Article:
Putting Out Bales

Tuesday, December 2, 2014



This is the time of year we move as flock and farmers from pasture to barnyard. Our work moves from field to barn, and everything left unfinished will be waiting when the ground thaws in spring.

The pastures are brown and the sheds are full of the huge round bales from our hay pastures. Our second cutting was especially good, thanks to the neighbors who cut and bale our fields. We're putting those bales out now. They smell like the sweet, spicy tobacco of a fresh pack of cigarettes. A smell that surprises me a little bit every night as I pull down loose hay to fill in the edges of the feeder.

Putting out bales is a process. We use an old Ford pickup and a steel cable. Four-wheel drive and physics. It's easier with two, but often it's just one of us. It takes seconds to move a round bale with a fork on a tractor, but it takes years to pay for a tractor. So we drive the truck into the barnyard and unhook fences and back up to a bale. Loop the cable round the back of the bale (good luck throwing it). High if we want to flip it, low if we want to pull it. Then hook it to the trailer hitch.

Back in the truck, rev forward across the frozen ground, through the thick mud, across whatever variety of earth the temperature of the day brings. Sometimes the cable slips off. Too high. Too low. Once I got it wedged under a bale so tightly we recovered it only after the bale was eaten.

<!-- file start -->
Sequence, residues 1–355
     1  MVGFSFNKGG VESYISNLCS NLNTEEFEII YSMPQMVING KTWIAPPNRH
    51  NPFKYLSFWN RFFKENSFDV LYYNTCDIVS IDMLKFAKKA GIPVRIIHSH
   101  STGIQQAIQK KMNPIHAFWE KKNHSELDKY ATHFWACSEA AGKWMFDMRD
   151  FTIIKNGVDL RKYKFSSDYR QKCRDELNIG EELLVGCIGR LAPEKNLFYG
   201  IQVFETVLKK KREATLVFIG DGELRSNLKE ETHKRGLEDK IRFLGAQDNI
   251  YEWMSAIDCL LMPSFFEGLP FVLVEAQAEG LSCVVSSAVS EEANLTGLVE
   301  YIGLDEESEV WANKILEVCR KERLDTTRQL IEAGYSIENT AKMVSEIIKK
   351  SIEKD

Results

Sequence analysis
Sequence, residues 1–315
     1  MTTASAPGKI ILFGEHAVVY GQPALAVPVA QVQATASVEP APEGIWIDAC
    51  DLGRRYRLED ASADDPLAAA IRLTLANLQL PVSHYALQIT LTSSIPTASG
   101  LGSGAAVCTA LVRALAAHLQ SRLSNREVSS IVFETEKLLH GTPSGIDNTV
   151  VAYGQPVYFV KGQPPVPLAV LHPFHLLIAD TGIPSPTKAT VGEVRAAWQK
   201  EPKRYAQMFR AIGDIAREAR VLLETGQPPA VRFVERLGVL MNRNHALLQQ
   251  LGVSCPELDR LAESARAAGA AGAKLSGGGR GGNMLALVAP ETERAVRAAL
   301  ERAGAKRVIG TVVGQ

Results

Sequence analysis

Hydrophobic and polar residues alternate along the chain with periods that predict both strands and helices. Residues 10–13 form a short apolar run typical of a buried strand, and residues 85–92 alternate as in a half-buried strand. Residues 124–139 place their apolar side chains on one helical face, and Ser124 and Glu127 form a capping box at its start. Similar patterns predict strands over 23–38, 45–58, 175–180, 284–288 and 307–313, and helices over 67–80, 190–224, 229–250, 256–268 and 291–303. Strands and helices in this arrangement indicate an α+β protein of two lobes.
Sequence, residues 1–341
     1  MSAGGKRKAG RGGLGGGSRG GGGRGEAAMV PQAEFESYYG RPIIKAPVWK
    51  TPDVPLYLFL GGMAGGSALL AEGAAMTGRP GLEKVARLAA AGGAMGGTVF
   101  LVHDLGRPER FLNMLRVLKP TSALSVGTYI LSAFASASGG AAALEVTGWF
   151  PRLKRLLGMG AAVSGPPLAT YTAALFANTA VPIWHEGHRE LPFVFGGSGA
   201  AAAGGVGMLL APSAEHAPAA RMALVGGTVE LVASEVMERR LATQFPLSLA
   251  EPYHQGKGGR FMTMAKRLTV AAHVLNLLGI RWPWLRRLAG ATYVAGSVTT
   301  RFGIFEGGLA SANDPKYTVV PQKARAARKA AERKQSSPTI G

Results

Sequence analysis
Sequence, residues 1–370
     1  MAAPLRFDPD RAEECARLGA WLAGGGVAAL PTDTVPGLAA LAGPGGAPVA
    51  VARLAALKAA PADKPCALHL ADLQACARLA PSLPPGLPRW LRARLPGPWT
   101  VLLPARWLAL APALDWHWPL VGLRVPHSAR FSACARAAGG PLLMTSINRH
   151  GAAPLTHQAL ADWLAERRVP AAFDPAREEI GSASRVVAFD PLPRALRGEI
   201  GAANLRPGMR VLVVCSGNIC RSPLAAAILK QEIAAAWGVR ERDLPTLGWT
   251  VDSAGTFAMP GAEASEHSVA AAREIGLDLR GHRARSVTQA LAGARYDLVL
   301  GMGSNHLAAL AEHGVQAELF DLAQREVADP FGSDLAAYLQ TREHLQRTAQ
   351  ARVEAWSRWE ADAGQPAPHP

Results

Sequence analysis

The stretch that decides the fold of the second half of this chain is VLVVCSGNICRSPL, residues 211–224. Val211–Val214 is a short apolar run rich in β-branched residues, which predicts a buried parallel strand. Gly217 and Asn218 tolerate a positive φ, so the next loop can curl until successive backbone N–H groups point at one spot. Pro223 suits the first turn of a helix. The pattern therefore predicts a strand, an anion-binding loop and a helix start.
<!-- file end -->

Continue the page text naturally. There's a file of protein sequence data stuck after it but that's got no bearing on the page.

Next, cutting the twine and pulling, pulling, pulling and wrapping. Pulling and wrapping it around hands, arms, trying to collect and contain it. My sister ends up with a clean, smooth coil of orange twine. Mine looks like the hair of a giant ginger-haired doll whose child is fond of dragging her through the mud and long ago gave up on combing.

One quick check to make sure every strand is removed, and now, finally, the hauling and setting up of the hay cages/feeder. Heavy fence panels strung together with spiral stakes. It's heavy. Cumbersome. And with one person, hard to stretch around a bale as tightly as it should fit.

By now the sheep are here. They caught on halfway through and one started the alert that carried back through the flock. An urgent baaing. Then a turn toward home. Slowly at first and then a run, catching stragglers along the way. Now they're crowding in, budging me out.

I can move two bales within a half hour. I did it on Sunday. But don't count on this. Any number of things will happen. A tire could go flat. I might forget the knife for cutting the twine. A cable might get stuck. Things happen that I could not anticipate or imagine. It's part of the frustration and part of the fun.





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